Chichester District Council rejects plans for three housing estates in Chidham and Hambrook

Plans for three housing estates in Chidham and Hambrook have been rejected after 700 objections were lodged by concerned residents.

Tuesday, 19th October 2021, 2:34 pm

Developers submitted separate outline applications for 94 homes west of Pottery Lane, another for 132 homes east of Broad Road and a third for 68 homes west of Drift Lane.

They would have totalled 294 homes and more than double the size of Nutbourne East. The plans have now been rejected due to environmental and sewage concerns.

Chidham Parish and local residents submitted 700 objections across all three sites, aided by campaigning groups Save Our Harbour Villages (SOHV) and the Chidham and Hambrook Parish action Group (CHPAG).

Campaigners argued that Chidham and Hambrook fields were 'under threat'. Photo: Save Our Harbour Villages and MPAG.

Parish councillors had previously warned that the housing would 'totally dominate’ Chidham and Hambrook.

Andrew Kerry-Bedell, from SOHV said: “We never needed what was proposed.

"All local parishes want new housing for local people, but it has to be far more affordable, far better built and designed, carbon neutral, and in places that suit the local environment. This refusal just shows what people power can do, and what happens when residents simply say enough is enough.”

In its decision notice, Chichester District Council said the proposed development would 'lead to the loss of an open area of countryside'.

Nutbourne East Wildlife Corridor next to Drift Lane saved from housing development. Photo: Save Our Harbour Villages and MPAG.

It added that the replacement of this open area of countryside with housing development and its associated infrastructure, lighting and engineered vehicular access off Main Road would lead to a 'harmful urbanisation' of the local rural environment and the setting of the Chichester Harbour AONB.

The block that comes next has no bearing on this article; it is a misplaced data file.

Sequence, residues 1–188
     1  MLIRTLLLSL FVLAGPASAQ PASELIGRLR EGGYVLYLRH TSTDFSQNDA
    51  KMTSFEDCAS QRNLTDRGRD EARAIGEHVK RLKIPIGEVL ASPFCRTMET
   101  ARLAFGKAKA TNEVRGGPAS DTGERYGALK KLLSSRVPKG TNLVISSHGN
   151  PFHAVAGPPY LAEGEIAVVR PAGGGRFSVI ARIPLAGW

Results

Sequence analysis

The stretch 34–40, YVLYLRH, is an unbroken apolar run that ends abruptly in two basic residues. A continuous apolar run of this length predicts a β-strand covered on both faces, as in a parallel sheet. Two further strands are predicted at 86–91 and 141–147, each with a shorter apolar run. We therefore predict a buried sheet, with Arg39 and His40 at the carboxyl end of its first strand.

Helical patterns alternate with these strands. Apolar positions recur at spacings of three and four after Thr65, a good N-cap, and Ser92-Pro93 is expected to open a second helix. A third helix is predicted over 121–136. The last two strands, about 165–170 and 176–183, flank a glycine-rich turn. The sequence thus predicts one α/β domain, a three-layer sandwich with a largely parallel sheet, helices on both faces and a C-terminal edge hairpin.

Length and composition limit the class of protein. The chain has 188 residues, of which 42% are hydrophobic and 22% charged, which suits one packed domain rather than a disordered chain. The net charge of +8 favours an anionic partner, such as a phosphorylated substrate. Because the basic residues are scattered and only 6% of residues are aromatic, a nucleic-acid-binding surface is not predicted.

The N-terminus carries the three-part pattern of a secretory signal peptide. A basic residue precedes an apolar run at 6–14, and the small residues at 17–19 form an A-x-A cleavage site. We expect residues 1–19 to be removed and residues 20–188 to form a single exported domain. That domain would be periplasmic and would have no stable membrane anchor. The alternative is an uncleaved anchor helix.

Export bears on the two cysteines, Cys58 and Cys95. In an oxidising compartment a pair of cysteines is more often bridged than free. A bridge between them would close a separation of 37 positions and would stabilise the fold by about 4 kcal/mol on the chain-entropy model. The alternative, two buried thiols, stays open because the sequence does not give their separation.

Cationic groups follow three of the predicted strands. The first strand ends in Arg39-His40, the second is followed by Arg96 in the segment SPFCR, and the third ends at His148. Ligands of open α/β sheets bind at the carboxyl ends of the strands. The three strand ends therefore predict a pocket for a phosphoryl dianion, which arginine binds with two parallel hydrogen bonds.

The local planning authority said it 'acted positively and proactively' in determining this application by identifying matters of concern with the proposal.

A spokesperson added: "However, the issues are so fundamental that it has not been possible to negotiate a satisfactory way forward and, due to the harm which has been clearly identified within the reason(s) for the refusal, approval has not been possible.”

Among the other reasons for refusal were the 'merging of settlements' and 'poor access'.

The council decided that the housing would also conflict with local and neighbourhood plan policies.

As the sites would have been over two wildlife corridors, there were fears over habitat damage and lighting in dark skies areas having an effect on rare bats.

It was also confirmed that there was no remaining sewage capacity at Thornham treatment works, with a limit of just 360 houses equivalent capacity left.

Parish councillor Jane Towers said: “We are delighted Chichester District Council has refused these three planning applications and chosen to protect our villages of Chidham, East Nutbourne and Hambrook from urbanisation.

"This development would have led to a loss of countryside, the coalescence between us and Southbourne and an adverse impact on the Area of Outstanding Natural Beauty of Chichester Harbour.

"It also gives protection to the wildlife corridors connecting the South Downs to the AONB, and ensures the continuing safe passage of numerous rare species. Common sense has prevailed.”

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Three new housing estates ‘would totally dominate’ Chidham and Hambrook

Local councillor Adrian Moss, Lib Dems, said he will continue to work with local residents to 'safeguard their communities and preserve the environment'.

He added: "Building housing on the edge of the harbour in villages with minimal facilities is unrealistic and cannot be supported.

"We of course want to see housing for local people and specially affordable housing for our younger residents but this needs to be in sustainable locations.

"Harbour Villages are under constant attack from greedy developers.

"The time has come for the council and councillors to stop this.

"Increasingly we have the powers with the emerging Local Plan and a more positive approach from Southern Water and the Environment Agency."